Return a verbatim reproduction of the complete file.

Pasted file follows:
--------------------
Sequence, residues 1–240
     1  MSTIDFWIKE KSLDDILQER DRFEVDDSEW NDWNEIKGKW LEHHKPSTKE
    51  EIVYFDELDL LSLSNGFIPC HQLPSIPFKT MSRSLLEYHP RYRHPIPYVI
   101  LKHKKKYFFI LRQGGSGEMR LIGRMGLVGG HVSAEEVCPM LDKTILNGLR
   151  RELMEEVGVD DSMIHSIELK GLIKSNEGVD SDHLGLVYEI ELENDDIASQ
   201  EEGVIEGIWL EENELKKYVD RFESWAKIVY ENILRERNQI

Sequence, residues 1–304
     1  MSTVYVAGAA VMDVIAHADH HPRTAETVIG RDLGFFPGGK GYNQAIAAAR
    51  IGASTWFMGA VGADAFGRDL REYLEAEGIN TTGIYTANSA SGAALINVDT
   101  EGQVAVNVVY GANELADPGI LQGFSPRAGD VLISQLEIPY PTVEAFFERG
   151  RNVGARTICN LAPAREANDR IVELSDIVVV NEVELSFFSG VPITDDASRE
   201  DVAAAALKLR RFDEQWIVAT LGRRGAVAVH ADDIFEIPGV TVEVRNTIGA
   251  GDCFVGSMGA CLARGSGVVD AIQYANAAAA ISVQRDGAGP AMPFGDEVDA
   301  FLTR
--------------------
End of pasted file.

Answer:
Sequence, residues 1–240
     1  MSTIDFWIKE KSLDDILQER DRFEVDDSEW NDWNEIKGKW LEHHKPSTKE
    51  EIVYFDELDL LSLSNGFIPC HQLPSIPFKT MSRSLLEYHP RYRHPIPYVI
   101  LKHKKKYFFI LRQGGSGEMR LIGRMGLVGG HVSAEEVCPM LDKTILNGLR
   151  RELMEEVGVD DSMIHSIELK GLIKSNEGVD SDHLGLVYEI ELENDDIASQ
   201  EEGVIEGIWL EENELKKYVD RFESWAKIVY ENILRERNQI

Sequence, residues 1–304
     1  MSTVYVAGAA VMDVIAHADH HPRTAETVIG RDLGFFPGGK GYNQAIAAAR
    51  IGASTWFMGA VGADAFGRDL REYLEAEGIN TTGIYTANSA SGAALINVDT
   101  EGQVAVNVVY GANELADPGI LQGFSPRAGD VLISQLEIPY PTVEAFFERG
   151  RNVGARTICN LAPAREANDR IVELSDIVVV NEVELSFFSG VPITDDASRE
   201  DVAAAALKLR RFDEQWIVAT LGRRGAVAVH ADDIFEIPGV TVEVRNTIGA
   251  GDCFVGSMGA CLARGSGVVD AIQYANAAAA ISVQRDGAGP AMPFGDEVDA
   301  FLTR